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Les Stroud - Survivorman

Updated on October 25, 2015


Survivorman is a Canadian TV program by survival specialist Les Stroud which premiered in 2004. Survivorman takes Stroud to various remote environments all over the world, from the Amazon jungle to the cold Arctic, where he is left to survive all by himself. While not as popular as other survival-themed shows like Bear Grylls’ “Man vs. Wild”, Survivorman is a far more realistic and offers great educational value.

Format

Every episode, Les Stroud is dropped off in a remote area of the world, and left to survive by himself for roughly a week, at the end of which he meets up with his rescue crew. Using his survival skills and knowledge, Les has to create shelters, build fires, find food, and stay clear of any dangers of a specific environment.

While he is provided with a small amount of food, water, or equipment, like a candy bar or a match, these are used to simulate the items you may have in a real accident. What makes the survival even more difficult is the fact that Stroud has to film everything that he does for 7 days all by himself.


Realism

One Man, One Location, Seven Days

As noted above, the most unique element of Survivorman is that Les Stroud does not have the help of a production crew, or the luxury of normal food and comfortable sleep, as most other survival-based TV programs.

Instead, he brings his multi-tool, harmonica, and 2 cameras for filming, in addition to whatever items are given to him to suit the theme of a specific episode. In the Costa Rica episode, for example, Les was given a pair of pants, swimming goggles and 3 pens, to simulate him being stranded on a jungle beach after losing his kayak.

Les is also given a satellite phone and a radio strictly for safety purposes, which he can use to contact his rescue crew, who are located within rescue range. However these have yet to be used, as in every episode Les has managed to survive the full 6-7 days before making his way towards the rescue crew.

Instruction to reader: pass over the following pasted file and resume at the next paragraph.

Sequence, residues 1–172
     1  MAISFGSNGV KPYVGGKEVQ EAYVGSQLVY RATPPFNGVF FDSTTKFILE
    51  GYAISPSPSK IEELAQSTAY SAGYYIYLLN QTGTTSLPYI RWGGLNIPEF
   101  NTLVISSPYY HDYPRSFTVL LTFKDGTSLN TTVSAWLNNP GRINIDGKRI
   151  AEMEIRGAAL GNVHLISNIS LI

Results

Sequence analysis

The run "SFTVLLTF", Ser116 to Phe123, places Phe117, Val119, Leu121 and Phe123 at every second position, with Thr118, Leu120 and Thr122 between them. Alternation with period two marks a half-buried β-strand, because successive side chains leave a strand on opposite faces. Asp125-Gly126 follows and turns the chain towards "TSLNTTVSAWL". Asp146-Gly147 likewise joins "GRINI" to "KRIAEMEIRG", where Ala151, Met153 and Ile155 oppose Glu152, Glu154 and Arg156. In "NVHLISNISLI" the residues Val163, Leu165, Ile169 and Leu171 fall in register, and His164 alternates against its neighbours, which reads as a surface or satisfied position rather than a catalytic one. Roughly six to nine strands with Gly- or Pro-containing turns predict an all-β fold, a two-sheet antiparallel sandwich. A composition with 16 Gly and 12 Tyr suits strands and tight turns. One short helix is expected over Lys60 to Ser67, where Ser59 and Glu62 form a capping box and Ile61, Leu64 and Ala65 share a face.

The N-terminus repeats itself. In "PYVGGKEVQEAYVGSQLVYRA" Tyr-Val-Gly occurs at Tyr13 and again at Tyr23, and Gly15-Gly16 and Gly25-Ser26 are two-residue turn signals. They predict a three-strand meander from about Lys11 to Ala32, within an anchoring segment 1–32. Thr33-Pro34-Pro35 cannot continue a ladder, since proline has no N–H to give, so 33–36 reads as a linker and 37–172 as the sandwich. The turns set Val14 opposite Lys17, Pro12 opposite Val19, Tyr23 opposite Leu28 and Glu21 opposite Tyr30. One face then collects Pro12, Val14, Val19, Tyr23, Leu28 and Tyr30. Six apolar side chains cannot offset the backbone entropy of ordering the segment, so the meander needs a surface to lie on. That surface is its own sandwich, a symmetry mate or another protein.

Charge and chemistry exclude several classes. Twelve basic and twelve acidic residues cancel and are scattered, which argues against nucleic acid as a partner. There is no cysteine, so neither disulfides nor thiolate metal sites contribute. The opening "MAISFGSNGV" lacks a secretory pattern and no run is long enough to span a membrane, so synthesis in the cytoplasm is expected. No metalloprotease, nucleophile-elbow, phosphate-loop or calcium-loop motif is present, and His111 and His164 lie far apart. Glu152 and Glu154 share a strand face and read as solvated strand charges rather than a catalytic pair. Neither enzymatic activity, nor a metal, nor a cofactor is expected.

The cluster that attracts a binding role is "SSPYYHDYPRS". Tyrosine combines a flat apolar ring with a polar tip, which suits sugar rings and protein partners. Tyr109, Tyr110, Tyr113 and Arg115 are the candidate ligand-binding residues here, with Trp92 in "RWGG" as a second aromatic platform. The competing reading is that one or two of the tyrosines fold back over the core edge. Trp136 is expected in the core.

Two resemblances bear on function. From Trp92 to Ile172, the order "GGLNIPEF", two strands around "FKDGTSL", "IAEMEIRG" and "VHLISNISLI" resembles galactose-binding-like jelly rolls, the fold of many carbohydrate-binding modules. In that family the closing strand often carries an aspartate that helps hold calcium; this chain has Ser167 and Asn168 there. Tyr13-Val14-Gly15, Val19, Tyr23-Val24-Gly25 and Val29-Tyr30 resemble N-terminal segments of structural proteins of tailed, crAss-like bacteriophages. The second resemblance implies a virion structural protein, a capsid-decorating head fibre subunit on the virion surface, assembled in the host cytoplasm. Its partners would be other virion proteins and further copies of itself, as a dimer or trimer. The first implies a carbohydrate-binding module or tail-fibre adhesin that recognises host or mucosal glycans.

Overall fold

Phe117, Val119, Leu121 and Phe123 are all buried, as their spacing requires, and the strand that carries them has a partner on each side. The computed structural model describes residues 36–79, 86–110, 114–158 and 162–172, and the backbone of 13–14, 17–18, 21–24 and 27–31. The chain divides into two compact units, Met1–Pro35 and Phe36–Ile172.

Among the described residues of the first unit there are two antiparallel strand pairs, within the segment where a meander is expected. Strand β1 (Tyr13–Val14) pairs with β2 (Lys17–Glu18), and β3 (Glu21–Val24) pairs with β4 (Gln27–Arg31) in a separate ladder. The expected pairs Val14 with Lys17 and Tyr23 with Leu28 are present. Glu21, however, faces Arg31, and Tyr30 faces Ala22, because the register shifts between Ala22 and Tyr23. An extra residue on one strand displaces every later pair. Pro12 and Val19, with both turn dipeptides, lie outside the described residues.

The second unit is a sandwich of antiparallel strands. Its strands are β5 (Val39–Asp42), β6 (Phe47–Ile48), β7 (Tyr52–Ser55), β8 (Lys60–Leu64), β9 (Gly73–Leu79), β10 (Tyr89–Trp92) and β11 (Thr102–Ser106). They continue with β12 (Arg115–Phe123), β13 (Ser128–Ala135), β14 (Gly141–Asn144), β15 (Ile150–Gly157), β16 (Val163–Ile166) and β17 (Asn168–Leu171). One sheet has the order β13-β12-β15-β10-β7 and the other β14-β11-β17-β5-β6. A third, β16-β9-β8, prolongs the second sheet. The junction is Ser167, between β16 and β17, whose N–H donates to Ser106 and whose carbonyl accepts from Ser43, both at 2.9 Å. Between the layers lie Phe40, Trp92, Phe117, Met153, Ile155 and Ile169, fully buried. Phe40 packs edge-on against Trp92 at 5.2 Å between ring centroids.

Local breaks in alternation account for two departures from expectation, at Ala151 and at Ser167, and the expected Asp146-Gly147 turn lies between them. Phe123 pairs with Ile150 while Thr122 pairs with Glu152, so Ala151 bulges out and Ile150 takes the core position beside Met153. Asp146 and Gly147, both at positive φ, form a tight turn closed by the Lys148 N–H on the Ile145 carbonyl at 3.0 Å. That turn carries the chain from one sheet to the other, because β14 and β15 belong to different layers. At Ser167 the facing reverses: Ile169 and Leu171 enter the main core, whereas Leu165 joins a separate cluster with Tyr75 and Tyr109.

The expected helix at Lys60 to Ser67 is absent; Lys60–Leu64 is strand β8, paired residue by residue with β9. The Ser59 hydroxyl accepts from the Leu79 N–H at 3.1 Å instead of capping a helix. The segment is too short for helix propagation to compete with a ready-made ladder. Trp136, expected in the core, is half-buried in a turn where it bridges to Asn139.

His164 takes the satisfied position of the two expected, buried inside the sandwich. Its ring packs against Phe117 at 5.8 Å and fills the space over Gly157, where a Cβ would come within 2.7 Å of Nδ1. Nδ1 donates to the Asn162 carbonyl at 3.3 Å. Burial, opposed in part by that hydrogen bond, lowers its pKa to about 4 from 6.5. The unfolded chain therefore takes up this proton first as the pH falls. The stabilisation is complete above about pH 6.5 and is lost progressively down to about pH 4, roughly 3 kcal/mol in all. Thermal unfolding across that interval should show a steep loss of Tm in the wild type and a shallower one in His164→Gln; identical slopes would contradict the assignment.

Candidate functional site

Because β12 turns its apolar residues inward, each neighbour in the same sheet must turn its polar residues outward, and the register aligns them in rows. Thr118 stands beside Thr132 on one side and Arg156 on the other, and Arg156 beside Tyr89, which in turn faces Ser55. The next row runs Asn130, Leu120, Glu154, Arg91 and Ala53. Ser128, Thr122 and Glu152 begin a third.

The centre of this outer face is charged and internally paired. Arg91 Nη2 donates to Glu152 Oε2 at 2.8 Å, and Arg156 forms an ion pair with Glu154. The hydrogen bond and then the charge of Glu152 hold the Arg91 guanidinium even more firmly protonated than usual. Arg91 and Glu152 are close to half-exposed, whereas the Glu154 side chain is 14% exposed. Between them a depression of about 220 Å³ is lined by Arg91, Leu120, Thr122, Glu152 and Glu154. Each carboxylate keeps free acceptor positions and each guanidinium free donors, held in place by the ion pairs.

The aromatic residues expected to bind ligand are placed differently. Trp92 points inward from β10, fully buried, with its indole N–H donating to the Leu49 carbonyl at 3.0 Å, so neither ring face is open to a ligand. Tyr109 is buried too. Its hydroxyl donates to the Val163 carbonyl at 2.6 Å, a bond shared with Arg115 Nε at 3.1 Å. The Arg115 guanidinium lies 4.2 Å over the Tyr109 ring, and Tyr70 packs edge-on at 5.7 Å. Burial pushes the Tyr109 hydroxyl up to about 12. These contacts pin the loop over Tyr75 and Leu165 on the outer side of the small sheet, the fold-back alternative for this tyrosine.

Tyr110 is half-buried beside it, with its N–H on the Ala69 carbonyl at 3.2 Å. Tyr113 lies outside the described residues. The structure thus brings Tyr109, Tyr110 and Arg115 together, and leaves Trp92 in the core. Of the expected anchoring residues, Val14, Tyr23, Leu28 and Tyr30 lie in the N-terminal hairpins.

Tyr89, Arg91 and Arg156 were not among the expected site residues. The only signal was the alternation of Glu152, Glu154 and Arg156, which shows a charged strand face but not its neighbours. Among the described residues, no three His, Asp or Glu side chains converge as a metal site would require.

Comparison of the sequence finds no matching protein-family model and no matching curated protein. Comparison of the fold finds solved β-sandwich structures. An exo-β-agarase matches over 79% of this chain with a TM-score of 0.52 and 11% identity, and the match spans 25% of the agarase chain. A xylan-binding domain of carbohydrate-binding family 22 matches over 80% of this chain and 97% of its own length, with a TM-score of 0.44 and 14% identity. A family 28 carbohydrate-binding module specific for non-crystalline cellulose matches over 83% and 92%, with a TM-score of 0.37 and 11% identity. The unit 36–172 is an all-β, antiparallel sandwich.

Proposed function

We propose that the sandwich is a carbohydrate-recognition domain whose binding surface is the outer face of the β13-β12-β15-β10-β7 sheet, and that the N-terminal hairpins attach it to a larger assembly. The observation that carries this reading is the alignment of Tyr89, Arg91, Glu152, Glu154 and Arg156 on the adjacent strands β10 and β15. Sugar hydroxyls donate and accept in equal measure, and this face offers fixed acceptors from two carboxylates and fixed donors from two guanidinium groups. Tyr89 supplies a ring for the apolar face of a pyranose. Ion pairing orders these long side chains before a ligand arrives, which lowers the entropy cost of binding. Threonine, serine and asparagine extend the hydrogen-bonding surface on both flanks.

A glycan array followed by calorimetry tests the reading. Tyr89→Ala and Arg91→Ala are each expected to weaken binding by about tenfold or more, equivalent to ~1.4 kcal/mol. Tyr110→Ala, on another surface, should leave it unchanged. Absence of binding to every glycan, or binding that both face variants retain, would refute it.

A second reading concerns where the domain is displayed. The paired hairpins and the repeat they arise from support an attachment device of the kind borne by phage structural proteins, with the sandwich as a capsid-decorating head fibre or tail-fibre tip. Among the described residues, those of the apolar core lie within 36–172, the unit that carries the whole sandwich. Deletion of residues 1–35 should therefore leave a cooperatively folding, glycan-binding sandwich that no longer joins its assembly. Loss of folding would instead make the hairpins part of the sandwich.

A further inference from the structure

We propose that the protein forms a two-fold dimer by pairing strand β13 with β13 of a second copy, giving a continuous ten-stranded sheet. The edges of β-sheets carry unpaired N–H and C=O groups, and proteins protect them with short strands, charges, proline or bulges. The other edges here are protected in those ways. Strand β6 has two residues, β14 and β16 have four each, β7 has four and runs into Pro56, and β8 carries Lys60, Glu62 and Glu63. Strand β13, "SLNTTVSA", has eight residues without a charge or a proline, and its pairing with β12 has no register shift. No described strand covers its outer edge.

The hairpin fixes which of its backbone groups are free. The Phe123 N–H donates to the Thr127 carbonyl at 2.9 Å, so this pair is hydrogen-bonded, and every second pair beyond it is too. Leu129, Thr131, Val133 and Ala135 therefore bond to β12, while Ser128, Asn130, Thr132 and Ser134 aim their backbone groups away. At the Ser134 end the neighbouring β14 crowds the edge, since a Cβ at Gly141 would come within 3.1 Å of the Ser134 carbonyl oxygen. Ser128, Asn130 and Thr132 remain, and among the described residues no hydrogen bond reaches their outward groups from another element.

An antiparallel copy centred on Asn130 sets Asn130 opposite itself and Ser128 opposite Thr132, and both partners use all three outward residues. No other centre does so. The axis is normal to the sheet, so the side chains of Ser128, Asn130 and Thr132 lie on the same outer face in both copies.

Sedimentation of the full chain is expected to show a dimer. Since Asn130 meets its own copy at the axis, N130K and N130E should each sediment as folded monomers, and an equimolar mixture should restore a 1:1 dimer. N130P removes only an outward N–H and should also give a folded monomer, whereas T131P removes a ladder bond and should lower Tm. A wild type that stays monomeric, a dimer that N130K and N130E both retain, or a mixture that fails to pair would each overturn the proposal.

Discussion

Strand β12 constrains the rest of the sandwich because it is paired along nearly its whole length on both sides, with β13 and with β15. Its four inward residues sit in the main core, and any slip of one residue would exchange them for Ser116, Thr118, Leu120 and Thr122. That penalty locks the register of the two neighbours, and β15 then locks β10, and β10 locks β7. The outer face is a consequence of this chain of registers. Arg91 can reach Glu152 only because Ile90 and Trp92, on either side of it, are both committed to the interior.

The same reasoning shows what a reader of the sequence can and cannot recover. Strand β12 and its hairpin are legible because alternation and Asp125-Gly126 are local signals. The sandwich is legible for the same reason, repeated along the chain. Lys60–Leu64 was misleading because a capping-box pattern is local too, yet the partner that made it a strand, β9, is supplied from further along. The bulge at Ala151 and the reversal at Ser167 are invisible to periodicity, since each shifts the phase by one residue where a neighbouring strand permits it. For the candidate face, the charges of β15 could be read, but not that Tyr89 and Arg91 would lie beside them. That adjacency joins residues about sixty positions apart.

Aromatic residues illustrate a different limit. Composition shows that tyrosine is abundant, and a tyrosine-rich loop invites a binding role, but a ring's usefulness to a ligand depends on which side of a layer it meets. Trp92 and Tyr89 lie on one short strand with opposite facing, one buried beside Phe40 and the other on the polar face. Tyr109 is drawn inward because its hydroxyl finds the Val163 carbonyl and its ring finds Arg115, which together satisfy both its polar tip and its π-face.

Physical And Psychological Toll

The second realistic element of Survivorman is the physical and psychological toll of solo survival on Les Stroud. Les has to build shelters from material he finds around his location, start fires via different and often difficult methods, search for food, and sleep in a very rough and exposed environment for 7 days.

In addition to all of this, he has to carry, place, and retrieve a total of 23 kilograms of video and audio equipment, which he uses to film everything that he does in his week of survival.

This adds on a huge burden that even a person in a real survival situation doesn’t have to worry about. This is best explained by Stroud’s own words: “setting up or tearing down all of my camera gear takes about 65% of my time”.

The psychological burden, on the other hand, manifests itself as the lonesome, and often fearful state of mind that Les finds himself in, much like a person in a real accident would. In one episode, for instance, Les is stalked by a jaguar, and has to flee very quickly back to safety of a nearby aboriginal village, where his rescue crew awaits.

Other times, he finds himself playing on his harmonica to raise his spirits and pass time, and talking about how to stay positive and calm. Although both the viewer and Stroud himself know that he can be rescued in case of any real danger, the psychological toll of being alone for 7 days in a hostile environment is still very real.

Failure is Real

The third and last important element of realism in Survivorman is, quite simply, failure. Les is not afraid to show himself failing to catch an animal for food, being able to start a fire, or having a hard time battling a cold or hot environment, or simply having things not go as planned.